Wednesday, November 25, 2020

Wednesday Vignette: The birds are still here

One of my biggest concerns about taking down the dying mimosa tree (Albizia julibrissin) was that its removal would impact the bird activity in my back garden.  The mimosa was bare for a good portion of the year but it was nonetheless the favorite perch for every avian visitor.  Situated in between the feeders and the fountain, it provided a handy way-station.  I shifted the backyard feeders a few feet after the mimosa came out, hoping that the small birds would seek cover in either the nearby strawberry tree (Arbutus 'Marina') or the tree-like Leucadendron 'Pisa' just outside my home office window.  As it turned out, bird activity is, if anything, greater than it was before.  The small birds appear perfectly happy to use both the strawberry tree and the Leucadendron to provide safe perches.


Leucadendron 'Pisa' is on the left and Arbutus 'Marina' is on the right, several feet behind the feeders.  There's a second, larger Arbutus behind the first tree.

Last week we had white-crowned sparrows too but this week it's mainly house finches and lesser goldfinches.  In less than a week, they manage to empty all three of these feeders and most of the three feeders in the front garden.

The mimosa's removal hasn't seemed to have affected the birds' use of the fountain for baths either.

Again, the visitors this week were mainly finches

The seashells in the fountain's top tier give them a place to perch as they splash about

The raccoons rearrange the shells every few days during their nightly visits

The tree removal may have impacted the larger birds like the scrub jays and hawks somewhat more than the small birds.  The jays still visit the feeders occasionally, scattering the smaller birds when they arrive, but their visits have been less frequent since the mimosa's removal.  I've yet to see jays, crows or hawks perching in the smaller Arbutus or Leucadendron as they formerly did in the mimosa either.  The hawks haven't entirely disappeared, however.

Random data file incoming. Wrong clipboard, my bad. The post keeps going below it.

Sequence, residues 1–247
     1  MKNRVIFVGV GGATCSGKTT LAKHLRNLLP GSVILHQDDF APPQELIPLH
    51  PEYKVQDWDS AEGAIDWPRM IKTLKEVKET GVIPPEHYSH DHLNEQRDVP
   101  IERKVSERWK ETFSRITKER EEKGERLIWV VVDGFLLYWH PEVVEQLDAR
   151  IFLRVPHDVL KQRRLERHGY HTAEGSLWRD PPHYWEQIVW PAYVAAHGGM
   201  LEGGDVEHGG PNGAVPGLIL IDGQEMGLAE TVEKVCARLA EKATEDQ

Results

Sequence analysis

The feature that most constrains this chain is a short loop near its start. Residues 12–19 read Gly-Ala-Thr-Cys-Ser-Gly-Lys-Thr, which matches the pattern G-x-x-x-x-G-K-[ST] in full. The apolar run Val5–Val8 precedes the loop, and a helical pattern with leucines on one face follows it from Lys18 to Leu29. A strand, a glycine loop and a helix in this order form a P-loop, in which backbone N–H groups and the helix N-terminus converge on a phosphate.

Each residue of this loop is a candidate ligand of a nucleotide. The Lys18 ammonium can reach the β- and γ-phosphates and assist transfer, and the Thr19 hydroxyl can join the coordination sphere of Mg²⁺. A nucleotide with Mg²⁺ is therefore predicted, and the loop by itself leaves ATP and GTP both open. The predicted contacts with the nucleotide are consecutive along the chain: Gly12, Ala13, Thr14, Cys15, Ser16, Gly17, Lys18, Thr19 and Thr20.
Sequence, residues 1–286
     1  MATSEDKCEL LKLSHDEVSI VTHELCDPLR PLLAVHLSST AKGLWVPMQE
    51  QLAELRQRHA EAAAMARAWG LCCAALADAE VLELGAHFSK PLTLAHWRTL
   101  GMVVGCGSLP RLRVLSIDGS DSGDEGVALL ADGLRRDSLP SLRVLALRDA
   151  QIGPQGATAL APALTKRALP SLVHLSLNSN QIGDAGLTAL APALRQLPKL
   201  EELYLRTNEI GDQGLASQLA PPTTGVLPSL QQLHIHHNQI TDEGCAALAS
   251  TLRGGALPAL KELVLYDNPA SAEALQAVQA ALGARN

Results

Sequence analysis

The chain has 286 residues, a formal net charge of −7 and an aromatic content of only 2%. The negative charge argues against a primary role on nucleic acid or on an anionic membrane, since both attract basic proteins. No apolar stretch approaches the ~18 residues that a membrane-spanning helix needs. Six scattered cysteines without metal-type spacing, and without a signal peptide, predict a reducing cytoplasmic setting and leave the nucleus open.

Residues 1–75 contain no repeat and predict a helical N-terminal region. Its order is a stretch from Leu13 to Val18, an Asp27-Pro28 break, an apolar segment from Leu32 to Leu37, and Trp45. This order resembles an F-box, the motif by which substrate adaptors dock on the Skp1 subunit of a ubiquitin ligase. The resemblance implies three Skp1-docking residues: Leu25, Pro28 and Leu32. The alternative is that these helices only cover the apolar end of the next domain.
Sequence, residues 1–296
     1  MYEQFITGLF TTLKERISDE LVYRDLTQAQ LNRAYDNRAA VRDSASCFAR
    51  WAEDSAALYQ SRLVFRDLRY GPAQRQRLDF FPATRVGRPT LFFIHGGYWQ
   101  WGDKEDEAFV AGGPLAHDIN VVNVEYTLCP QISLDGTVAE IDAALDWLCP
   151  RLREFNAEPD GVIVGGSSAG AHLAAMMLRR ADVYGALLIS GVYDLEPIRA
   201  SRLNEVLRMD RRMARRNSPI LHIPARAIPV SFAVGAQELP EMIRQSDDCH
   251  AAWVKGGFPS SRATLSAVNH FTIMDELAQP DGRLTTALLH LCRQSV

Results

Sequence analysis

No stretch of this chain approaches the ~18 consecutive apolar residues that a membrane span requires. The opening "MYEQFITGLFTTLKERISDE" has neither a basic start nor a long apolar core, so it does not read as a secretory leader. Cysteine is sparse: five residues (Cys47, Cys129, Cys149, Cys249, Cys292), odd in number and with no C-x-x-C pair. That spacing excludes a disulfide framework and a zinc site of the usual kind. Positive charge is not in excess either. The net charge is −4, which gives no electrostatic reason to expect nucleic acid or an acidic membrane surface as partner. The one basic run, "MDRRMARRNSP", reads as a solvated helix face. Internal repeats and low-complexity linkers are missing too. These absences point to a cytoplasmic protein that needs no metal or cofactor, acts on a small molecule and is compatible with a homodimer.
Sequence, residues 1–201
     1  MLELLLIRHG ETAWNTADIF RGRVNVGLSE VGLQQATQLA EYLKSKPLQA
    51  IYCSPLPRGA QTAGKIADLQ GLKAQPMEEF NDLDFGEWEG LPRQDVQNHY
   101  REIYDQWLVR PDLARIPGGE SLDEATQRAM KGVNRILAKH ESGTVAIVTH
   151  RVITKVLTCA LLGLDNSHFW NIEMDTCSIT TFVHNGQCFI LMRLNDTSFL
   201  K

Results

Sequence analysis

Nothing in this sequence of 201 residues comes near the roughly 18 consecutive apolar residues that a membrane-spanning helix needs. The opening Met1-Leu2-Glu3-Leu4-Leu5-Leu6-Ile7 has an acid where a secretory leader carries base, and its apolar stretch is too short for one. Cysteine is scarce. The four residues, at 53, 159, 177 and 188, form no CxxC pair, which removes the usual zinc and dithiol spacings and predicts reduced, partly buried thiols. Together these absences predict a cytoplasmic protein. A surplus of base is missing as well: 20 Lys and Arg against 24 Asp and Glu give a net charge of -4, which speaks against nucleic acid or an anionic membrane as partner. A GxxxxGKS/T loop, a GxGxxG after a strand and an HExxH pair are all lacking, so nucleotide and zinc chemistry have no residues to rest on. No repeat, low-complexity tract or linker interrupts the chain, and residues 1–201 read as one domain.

The hawks that regularly visited the mimosa tree now must content themselves with the tall pine tree in the neighbor's garden behind us

Last week I saw one hawk swoop through our garden just over the roof line but generally they're sticking to the pine tree

I caught this one taking flight after scanning the horizon for a good 15 minutes

I can't state definitively whether this is a Cooper's hawk or a sharp-shinned hawk but the rounded tail shape visible in this photo suggests the former

It's been a very tough year on a lot of fronts and there are more challenges on the horizon before this dreadful year comes to a close.  However, on the cusp of our unusual Thanksgiving holiday this year, I can still say I'm thankful for things both big and small, like the company of birds in my garden.  I hope you have things to be thankful for as well.  Have a happy - and safe - Thanksgiving.

For more Wednesday Vignettes, visit Anna at Flutter & Hum.


All material © 2012-2020 by Kris Peterson for Late to the Garden Party